Vaginal discharge—This is heavier than your period and often has large clots. The discharge gradually fades to white or yellow and stops within 2 months.
Weight—Your postpartum weight will probably be about 10 pounds below your full-term weight. Water weight drops off within the first week as your body regains its salt balance.
Emotionally, you may be feeling:
"Baby blues"—About 80% of new moms have irritability, sadness, crying, or
anxiety. This begins within days or weeks of giving birth. These feelings can result from hormonal changes, exhaustion, unexpected birth experiences, adjustments to changing roles, and a sense of lack of control over your new life.
(PPD)—This condition is more serious and happens in 10% to 20% of new moms. It may cause mood swings, anxiety, guilt, and persistent sadness. Your baby may be several months old before PPD develops. It is more common in women with a family history of depression.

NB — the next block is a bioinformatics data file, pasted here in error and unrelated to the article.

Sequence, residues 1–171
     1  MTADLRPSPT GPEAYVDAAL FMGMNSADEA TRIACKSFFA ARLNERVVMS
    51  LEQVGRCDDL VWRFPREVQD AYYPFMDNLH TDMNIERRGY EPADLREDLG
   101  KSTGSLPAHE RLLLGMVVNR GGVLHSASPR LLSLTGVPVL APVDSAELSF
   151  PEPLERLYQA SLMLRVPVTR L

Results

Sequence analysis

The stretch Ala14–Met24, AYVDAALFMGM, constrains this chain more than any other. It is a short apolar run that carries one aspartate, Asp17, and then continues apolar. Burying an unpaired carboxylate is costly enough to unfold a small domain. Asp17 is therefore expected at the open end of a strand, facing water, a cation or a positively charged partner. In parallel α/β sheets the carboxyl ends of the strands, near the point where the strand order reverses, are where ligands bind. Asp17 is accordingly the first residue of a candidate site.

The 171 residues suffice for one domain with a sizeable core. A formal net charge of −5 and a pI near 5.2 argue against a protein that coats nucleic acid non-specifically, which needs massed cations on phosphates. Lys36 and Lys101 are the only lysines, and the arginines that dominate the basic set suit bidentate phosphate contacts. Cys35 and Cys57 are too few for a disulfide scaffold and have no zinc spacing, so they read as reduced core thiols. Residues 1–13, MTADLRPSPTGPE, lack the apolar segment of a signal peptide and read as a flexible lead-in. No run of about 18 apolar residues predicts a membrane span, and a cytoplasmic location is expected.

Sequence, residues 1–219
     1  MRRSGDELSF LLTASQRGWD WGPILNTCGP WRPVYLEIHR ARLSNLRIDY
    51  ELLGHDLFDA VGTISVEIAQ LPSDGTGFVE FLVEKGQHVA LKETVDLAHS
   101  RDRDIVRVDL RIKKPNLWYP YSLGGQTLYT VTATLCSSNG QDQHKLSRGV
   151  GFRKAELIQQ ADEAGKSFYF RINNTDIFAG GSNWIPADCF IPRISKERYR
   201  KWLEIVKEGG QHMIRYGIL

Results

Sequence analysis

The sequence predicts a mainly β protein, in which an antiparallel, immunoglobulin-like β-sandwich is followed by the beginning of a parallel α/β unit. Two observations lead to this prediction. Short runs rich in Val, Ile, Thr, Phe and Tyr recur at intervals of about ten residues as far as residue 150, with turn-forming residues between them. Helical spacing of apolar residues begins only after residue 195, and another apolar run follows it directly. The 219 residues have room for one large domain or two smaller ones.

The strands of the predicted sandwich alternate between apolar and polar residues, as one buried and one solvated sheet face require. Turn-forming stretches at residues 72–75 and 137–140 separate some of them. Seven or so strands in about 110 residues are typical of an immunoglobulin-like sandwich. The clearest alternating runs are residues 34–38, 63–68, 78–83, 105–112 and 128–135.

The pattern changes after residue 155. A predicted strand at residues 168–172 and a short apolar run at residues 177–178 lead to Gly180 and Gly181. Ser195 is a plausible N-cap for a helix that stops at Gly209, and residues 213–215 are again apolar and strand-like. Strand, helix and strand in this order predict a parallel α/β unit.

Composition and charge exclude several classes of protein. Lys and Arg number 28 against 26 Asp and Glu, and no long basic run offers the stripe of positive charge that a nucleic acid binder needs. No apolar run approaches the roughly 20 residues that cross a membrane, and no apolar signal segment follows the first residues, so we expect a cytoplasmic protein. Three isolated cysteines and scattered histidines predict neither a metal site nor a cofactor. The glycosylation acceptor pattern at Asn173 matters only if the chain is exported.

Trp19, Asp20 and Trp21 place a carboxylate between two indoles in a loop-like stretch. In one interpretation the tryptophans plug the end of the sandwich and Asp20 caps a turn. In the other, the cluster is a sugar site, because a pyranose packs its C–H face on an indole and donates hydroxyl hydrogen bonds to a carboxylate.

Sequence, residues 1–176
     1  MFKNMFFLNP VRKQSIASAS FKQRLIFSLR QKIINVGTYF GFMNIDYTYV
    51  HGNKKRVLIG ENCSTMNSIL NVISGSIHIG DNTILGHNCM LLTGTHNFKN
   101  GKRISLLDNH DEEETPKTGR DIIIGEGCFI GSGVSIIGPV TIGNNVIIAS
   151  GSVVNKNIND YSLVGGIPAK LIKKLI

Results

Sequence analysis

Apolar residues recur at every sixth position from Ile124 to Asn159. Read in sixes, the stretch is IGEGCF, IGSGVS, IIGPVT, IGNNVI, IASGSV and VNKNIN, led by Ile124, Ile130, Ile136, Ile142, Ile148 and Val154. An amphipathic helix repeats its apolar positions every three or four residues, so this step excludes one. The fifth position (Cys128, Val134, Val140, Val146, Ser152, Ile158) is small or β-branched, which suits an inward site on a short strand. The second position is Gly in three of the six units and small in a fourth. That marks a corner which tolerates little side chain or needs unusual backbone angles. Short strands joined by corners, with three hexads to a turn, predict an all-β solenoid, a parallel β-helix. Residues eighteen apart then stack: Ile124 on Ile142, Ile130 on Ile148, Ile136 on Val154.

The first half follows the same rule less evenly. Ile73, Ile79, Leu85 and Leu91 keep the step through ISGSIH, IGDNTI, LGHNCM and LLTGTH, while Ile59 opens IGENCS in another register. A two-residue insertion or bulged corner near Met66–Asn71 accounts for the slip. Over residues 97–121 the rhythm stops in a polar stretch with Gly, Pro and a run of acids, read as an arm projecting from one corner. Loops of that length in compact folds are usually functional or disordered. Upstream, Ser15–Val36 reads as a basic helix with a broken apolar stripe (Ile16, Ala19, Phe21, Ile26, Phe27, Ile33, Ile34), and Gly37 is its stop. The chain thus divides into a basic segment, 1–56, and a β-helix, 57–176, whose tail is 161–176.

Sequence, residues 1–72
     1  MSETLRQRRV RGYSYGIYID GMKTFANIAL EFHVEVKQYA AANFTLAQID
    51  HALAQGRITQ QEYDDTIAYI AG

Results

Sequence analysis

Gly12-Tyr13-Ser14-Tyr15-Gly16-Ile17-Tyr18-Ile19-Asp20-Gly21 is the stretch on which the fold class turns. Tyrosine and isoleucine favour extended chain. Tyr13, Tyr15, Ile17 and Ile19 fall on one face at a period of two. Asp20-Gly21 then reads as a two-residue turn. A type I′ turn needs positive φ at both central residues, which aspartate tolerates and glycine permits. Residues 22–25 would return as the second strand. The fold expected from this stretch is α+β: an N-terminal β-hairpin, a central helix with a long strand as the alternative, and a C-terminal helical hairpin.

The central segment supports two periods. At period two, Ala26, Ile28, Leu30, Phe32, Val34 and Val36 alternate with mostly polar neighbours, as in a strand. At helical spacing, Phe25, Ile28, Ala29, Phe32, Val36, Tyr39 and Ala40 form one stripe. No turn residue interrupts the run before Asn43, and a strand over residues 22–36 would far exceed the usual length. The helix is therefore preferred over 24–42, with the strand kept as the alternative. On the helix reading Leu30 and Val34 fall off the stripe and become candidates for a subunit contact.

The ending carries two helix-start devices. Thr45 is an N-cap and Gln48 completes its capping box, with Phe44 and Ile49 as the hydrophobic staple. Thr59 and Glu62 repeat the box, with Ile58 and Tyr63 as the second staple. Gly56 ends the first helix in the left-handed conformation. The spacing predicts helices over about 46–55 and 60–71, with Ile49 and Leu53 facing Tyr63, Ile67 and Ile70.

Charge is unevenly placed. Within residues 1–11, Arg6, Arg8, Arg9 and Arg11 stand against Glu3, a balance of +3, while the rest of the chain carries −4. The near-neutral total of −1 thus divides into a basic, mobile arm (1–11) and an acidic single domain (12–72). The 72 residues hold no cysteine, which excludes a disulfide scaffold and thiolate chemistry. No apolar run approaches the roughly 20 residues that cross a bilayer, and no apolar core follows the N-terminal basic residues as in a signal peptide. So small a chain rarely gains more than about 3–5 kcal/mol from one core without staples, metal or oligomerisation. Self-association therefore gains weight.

Postpartum psychosis—Postpartum psychosis is a rare but severe condition. Symptoms include difficulty thinking and thoughts of harming the baby. If you feel this way, call your doctor right away.
Sexual relations—You may not feel physically or emotionally ready for sex right away. In most cases, you will feel more interested in sex in a few weeks.
Ways to Take Care of Yourself
When your baby sleeps, take a nap.
Set aside time each day to relax with a book or listen to music.
Ask your doctor about when it is safe to shower, bathe, or soak in water.
Get plenty of exercise and fresh air.
Schedule regular time for you and your partner to be alone and talk.
Make time each day to enjoy your baby. Encourage your partner to do so, too.
Breastfeeding is encouraged unless your doctor tells you otherwise
Clean less and have easier meals. Take a break from having visitors if you feel stressed.
Last reviewed September 2020 by
EBSCO Medical Review Board
Mary-Beth Seymour, RN Last Updated: 10/16/2020